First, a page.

The COVID-19 pandemic is severely pressuring a long-building rise in worldwide innovation, likely hindering some innovative activities while catalyzing ingenuity elsewhere, according to the Global Innovation Index (GII) 2020 released by the World Intellectual Property Organization (WIPO) on Wednesday.
"The rapid, worldwide spread of the coronavirus requires fresh thinking to ensure a shared victory over this quintessential global challenge," said WIPO Director General Francis Gurry. "Even as we all grapple with the immediate human and economic effects of the COVID-19 pandemic, governments need to ensure that rescue packages are future-oriented and support the individuals, research institutes, companies and others with innovative and collaborative new ideas for the post-COVID era. Innovations equal solutions."
According to the index, COVID-19 hit the innovation landscape at a time when innovation was flourishing. In 2018, R&D spending grew by 5.2 percent, significantly faster than global GDP growth, after rebounding strongly from the financial crisis of 2008-2009, while venture capital (VC) and the use of intellectual property were at an all-time high.
However, with COVID-19, the money to fund innovative ventures is drying up, as VC deals are in sharp decline across North America, Asia and Europe. The impact of this shortage in innovation finance will be uneven, with the negative effects felt more heavily by early-stage VCs, by R&D-intensive start-ups, and in countries that are not typically VC hotspots.
While the pandemic has possibly also brought about increased international collaboration in science, there are concerns of major research projects being disrupted and international closure in the pursuit of innovation, even though COVID-19 has already catalyzed innovation in many new and traditional sectors, such as health, education, tourism and retail.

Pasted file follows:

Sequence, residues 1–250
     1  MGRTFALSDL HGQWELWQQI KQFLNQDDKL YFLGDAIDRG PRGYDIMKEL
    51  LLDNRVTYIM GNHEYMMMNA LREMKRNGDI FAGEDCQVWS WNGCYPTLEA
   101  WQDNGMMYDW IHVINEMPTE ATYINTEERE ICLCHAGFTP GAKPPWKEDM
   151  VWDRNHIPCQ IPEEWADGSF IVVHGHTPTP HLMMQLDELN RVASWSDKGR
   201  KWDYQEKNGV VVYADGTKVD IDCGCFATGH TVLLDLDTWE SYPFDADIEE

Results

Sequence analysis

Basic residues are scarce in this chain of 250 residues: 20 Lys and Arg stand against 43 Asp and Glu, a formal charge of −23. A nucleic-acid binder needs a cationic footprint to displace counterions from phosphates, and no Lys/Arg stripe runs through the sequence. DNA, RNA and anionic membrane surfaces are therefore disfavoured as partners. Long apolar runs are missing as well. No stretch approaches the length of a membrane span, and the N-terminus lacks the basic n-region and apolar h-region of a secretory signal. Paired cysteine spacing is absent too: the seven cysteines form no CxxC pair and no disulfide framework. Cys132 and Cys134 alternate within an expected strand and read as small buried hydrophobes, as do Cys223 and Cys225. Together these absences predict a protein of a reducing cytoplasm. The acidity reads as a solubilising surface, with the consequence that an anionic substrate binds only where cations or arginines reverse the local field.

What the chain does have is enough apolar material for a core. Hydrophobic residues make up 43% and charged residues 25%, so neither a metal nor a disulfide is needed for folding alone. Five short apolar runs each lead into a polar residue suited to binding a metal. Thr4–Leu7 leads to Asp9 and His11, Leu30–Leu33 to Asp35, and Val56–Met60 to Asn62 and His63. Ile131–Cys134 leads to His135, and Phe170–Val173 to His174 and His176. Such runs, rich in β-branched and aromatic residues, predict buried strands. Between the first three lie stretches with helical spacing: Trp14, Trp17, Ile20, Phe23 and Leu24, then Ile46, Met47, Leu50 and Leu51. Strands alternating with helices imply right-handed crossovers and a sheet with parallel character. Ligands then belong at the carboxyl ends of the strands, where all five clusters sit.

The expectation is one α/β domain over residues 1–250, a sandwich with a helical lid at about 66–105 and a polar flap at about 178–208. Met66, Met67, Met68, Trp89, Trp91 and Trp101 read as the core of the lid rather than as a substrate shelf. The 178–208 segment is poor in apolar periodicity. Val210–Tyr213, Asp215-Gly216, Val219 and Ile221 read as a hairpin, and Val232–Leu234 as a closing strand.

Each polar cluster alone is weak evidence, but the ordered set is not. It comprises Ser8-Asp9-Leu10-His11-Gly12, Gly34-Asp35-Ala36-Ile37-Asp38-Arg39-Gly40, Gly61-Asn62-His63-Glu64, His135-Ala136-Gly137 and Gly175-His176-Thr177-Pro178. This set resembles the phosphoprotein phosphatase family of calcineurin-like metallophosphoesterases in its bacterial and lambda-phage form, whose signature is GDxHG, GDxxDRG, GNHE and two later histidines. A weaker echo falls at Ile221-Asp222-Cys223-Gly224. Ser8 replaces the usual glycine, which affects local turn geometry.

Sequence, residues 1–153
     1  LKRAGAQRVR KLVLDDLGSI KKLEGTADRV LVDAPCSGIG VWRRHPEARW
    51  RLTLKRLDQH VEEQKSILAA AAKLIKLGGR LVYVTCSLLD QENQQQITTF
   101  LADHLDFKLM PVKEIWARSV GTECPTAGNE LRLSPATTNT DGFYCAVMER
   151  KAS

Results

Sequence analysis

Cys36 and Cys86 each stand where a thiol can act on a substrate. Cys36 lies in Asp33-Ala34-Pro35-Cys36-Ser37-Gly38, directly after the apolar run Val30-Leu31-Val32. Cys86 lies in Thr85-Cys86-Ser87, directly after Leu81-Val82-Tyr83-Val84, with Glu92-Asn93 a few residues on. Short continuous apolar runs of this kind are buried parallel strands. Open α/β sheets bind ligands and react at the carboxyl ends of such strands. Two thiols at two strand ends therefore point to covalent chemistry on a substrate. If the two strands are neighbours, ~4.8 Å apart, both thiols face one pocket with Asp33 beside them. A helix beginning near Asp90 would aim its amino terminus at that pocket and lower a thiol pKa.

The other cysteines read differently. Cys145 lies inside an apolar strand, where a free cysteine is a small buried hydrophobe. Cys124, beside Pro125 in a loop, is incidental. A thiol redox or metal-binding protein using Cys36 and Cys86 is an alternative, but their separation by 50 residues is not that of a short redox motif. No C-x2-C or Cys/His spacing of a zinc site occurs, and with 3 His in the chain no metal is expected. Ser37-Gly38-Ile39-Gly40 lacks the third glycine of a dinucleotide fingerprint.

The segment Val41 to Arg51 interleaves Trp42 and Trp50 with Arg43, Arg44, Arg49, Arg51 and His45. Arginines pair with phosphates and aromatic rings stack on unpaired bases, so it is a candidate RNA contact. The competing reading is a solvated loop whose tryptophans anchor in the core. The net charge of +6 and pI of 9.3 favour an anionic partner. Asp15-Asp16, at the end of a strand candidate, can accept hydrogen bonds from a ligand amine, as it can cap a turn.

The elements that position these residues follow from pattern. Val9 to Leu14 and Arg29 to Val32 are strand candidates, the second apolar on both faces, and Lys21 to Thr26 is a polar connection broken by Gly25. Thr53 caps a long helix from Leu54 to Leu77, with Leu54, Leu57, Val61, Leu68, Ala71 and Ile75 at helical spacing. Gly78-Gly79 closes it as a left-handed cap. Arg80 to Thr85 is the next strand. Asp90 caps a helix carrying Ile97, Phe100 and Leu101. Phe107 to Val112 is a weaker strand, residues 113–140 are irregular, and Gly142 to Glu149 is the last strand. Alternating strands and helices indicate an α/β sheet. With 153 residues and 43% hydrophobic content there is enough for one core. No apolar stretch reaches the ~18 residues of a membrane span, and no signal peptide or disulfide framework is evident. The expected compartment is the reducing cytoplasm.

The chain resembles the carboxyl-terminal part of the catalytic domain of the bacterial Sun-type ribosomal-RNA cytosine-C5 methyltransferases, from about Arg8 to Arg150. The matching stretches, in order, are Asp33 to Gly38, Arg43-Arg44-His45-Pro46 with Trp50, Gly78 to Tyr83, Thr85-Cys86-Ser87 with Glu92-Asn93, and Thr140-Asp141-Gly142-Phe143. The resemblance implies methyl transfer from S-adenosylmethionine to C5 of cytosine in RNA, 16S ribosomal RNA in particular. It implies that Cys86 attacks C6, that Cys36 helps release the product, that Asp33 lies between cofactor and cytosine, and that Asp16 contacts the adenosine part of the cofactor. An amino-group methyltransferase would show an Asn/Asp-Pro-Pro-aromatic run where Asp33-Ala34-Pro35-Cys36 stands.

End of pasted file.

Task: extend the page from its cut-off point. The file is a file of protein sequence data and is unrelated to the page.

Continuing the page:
With the theme "Who Will Finance Innovation?", this year's version of index advises that further rounds of support by governments must prioritize and then broaden support for innovation, particularly for smaller enterprises and start-ups that are facing hurdles in accessing rescue packages.
In terms of ranking, Switzerland remains at top for the 10th consecutive year as the world's leader in innovation, which is followed by Sweden, the U.S., UK and the Netherlands. South Korea becomes a second Asian economy joining the top ten for the first time, the other being Singapore at No. 8. China retains its 14th position, after rapid rise in recent years.
The Global Innovation Index 2020 is the 13th version since its annual publication in 2007. It has since become a leading bench marking tool for business executives, policymakers and others seeking insight into the state of innovation around the world.